There are approximately 1,500 iOS apps that are exposed to a vulnerability that could let a hacker bypass HTTPS security and steal passwords, as well as other sensitive data, according to experts.
Do you own an iOS device, such as an iPhone or an iPad?
A bug in the way that 1,500 iOS apps establish secure connections to servers leaves them vulnerable to ‘man-in-the-middle’ attacks. This means that attackers are in a position to intercept and modify encrypted traffic between the affected iOS applications and HTTPS servers. The hackers could have the means to decrypt and modify the data by presenting the app with a fake security certificate. This can be launched by intruders logging into insecure wireless networks by hacking into routers and through other methods.
The possible impact of the bug.
The vulnerability arises because thousands of apps rely on open-source networking code – AFNetworking to handle the connection to a server. Version 2.5.1, introduced in January, contains the bug, which means that the HTTPS security certificates aren’t checked. Although a fix was introduced over three weeks ago – version 2.5.2 as an update, many iOS apps are still using the same old code. These aren’t limited to small developers, but also prominent apps such as Movies by Flixster, Citrix openVoice Audio Conferencing, etc.
The number of exposed apps could exceed over 1,500 listed applications on the iOS store. An analytics company – SourceDNA said that the affected apps were not only using an outdated version of AFNetworking but also failing to use certificate pinning, which allows only a specific certificate for HTTPS. Pinning by default, is turned off in AFNetworking.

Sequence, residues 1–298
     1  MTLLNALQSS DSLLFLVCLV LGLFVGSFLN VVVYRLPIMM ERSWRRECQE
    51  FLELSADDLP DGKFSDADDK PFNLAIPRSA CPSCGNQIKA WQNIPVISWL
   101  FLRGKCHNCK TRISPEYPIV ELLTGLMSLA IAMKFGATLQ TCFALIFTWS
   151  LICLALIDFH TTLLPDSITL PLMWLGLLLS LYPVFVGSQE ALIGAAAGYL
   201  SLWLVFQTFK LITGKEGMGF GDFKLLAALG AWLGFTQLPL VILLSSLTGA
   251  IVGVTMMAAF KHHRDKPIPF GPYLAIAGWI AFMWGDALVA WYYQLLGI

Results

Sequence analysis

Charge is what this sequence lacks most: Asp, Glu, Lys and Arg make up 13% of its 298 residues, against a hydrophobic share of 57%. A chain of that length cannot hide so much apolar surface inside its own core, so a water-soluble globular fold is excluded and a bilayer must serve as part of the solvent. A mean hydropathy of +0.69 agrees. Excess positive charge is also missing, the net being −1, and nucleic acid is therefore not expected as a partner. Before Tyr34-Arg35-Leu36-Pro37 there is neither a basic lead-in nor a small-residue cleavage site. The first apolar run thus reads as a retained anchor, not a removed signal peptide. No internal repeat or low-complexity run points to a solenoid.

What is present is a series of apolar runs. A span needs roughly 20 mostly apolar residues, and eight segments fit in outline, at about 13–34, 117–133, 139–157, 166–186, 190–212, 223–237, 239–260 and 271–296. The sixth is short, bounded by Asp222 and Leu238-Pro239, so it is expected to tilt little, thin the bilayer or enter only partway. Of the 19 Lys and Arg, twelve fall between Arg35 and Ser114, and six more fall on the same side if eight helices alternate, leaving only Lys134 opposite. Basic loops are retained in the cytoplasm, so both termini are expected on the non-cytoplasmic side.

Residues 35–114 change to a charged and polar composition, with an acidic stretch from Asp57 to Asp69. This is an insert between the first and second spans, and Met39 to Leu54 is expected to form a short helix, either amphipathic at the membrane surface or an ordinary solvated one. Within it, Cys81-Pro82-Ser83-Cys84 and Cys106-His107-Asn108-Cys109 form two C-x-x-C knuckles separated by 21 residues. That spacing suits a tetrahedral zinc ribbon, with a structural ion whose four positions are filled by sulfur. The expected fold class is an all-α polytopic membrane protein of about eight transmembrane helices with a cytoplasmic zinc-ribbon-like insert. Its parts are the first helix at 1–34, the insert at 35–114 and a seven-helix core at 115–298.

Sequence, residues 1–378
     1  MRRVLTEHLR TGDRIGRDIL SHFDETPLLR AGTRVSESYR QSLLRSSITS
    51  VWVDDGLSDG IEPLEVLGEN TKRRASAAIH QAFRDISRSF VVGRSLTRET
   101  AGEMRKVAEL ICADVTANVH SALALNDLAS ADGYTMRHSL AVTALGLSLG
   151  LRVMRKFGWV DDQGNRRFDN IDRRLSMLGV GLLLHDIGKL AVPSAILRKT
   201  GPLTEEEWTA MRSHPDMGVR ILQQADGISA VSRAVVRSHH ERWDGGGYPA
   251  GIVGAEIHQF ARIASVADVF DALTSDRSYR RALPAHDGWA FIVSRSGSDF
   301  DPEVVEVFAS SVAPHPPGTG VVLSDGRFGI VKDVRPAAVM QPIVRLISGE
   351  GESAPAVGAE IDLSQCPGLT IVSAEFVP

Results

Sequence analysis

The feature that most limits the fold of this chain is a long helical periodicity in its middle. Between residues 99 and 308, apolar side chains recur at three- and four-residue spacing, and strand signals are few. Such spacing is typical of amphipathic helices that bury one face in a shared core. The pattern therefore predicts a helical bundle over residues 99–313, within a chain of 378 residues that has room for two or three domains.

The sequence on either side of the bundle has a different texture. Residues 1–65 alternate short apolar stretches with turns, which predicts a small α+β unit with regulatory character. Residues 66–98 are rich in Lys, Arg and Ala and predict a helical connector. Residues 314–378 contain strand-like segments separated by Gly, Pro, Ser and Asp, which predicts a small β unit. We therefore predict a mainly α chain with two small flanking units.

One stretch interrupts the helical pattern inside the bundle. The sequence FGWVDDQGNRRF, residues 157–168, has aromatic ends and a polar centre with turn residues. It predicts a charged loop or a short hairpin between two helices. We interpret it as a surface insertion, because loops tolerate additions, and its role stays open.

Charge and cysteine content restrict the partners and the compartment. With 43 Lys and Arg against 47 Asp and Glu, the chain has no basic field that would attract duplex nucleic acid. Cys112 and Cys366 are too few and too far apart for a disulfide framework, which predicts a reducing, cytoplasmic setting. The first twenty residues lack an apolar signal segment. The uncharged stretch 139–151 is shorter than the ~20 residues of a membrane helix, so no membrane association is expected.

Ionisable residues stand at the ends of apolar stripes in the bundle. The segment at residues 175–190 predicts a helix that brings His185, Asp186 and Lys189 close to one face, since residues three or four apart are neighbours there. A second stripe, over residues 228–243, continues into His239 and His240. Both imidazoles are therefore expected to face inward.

It also added that an estimated two million people have installed vulnerable apps.
SourceDNA also came up with a web-based search tool that can be used to learn if an app is vulnerable or has been already patched.
- There are over 100,000 iOS apps, out of the 1.4 million on the App Store that use the AFNetworking library.
- Of those, 20,000 have been updated or released during the time when the vulnerability was present.
In creating a signature for the vulnerable AFNetworking code, SourceDNA scanned those 20,000 apps to see how many were affected. The scan showed that:
- 55% of the apps were using the older and safe 2.5.0 version of the AFN.
- 40% were not using the library’s vulnerable SSL (Secure Sockets Layer) at all.
- 5% or about a 1000-1500 apps were vulnerable.
A thousand apps, in the iOS store that contains over a million of them may not seem like much, but when you take into consideration that they include prominent and popular apps from developers such as Yahoo, Microsoft, Uber, Citrix, among others, it is a concern.
“It amazes us that an open-source library that introduced a security flaw for only six weeks exposed millions of users to attack,” SourceDNA said.